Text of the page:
12 July, 2003
Science On the Sea
After a tour of the ship, a fire drill, an abandon ship drill, a science meeting and final frantic instrument calibrations and set up we arrive at our first survey site. Like bees swarming a hive or ants at a picnic or - well you get the idea. Everyone was excited and all crowded around the CTD lab and adjoining equipment deployment bay to watch the first instruments lowered into the water.
At 19:00 (7:00 PM) the ships engines stopped at latitude North 56.312 degrees and West -172.824 degrees. Below us lay roughly 1300 meters of Bering Sea saltwater and our first site. The site is one of five that we will stop at and collect samples and data that are clustered in a relatively small area. At each of these five stations the CTD equipment array, consisting of instruments to measure water depth, temperature, salinity and chlorophyll, will be lowered. A series of twelve water collection bottles form a rosette on the CTD frame. Each opening to the collection bottle has a trigger, which will open the bottle at prescribed depths programmed into the system, thus collecting water samples at various depths each instrument deployment.
The crew of the Laurier connects the CTD to a winch and the instruments are slowly lowered into the water. As the whole array descends real time data is collected on the waters temperature, salinity, depth and a fluorometer measures the chlorophyll. Jane Eert monitors the descent from the CTD lab and keeps track, through an electronic link, that all prescribed triggers have fired and appropriate water samples taken. Once the CTD has reached its depth the instruments are slowly raised back on deck.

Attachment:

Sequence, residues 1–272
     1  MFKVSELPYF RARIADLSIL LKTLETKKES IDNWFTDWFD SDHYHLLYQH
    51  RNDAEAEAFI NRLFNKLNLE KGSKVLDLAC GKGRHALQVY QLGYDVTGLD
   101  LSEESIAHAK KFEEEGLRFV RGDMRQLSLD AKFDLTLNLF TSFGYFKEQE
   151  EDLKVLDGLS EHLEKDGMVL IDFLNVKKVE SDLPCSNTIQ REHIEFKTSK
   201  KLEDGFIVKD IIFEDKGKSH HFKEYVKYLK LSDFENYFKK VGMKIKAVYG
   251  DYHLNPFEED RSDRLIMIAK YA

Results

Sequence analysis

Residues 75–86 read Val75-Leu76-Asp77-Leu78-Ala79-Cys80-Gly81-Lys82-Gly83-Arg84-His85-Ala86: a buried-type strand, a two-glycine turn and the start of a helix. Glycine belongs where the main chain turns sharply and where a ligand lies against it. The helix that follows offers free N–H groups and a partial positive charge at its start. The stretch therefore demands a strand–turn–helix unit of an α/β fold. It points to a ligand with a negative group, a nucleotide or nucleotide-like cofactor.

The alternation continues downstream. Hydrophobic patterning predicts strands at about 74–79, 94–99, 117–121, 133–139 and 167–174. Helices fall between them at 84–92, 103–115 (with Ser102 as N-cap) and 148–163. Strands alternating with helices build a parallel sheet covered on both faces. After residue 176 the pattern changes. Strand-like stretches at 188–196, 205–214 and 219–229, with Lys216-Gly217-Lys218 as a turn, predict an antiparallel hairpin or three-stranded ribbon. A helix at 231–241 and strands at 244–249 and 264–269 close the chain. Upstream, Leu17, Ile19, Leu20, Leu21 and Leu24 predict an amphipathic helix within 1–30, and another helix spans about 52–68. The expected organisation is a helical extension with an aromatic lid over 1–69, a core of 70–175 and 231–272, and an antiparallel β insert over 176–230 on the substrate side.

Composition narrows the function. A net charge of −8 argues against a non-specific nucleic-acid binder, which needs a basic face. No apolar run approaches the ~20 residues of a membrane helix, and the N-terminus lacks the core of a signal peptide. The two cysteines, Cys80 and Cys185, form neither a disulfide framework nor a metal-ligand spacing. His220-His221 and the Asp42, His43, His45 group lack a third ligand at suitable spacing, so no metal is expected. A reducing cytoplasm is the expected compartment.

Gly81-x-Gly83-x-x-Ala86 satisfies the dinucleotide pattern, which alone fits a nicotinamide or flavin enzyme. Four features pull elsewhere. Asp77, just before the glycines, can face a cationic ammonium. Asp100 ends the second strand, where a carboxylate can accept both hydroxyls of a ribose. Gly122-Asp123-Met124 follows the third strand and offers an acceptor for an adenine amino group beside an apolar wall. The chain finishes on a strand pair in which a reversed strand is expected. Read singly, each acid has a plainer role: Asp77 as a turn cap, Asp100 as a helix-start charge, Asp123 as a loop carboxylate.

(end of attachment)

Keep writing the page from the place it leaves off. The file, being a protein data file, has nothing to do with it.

Once the Laurier crew has secured the CTD back on deck water samples are drawn from the collection bottles. On this parcticular trip two separate teams are collecting samples for thier projects. Dr. Cooper and his associates are collecting samples as well as Dr. Lee and his assistant.
Dr. Cooper's group (the group I am assigned to) extracts the water from the bottles then runs it through a pump to filter out the phytoplankton. The phytoplankton is then frozen (to "crack" the cell membrane) in order to make the chlorophyll extraction easier. Once the chlorophyll is extracted and stabilized, using acetone, the sample is run through the fluorometer more accurate than the one deployed on the CTD) to measure the chlorophyll amounts.
Dr. Lee's team is also filtering out the phytoplankton but for a different reason. His interests are in the phytoplankton's dimethylsulfide (DMSO), dimethlsulfide (DMS) and dimethyl-sulfoniopropionate (DMSP), the pigments within the phytoplankton and the enzyme activity involved in the conversion of DMSP to DMS.
Dr. Cooper's work focuses on the first stages of the Arctic food chain and the fluctuations of the nutrients and phytoplankton in the region whereas Dr. Lee's work focuses on some of the trace biogenic gases that have been implicated in significantly affecting global climate change processes. Both projects have significant implications as to the health status of these fragile frigid waters and the Arctic ecosystem.
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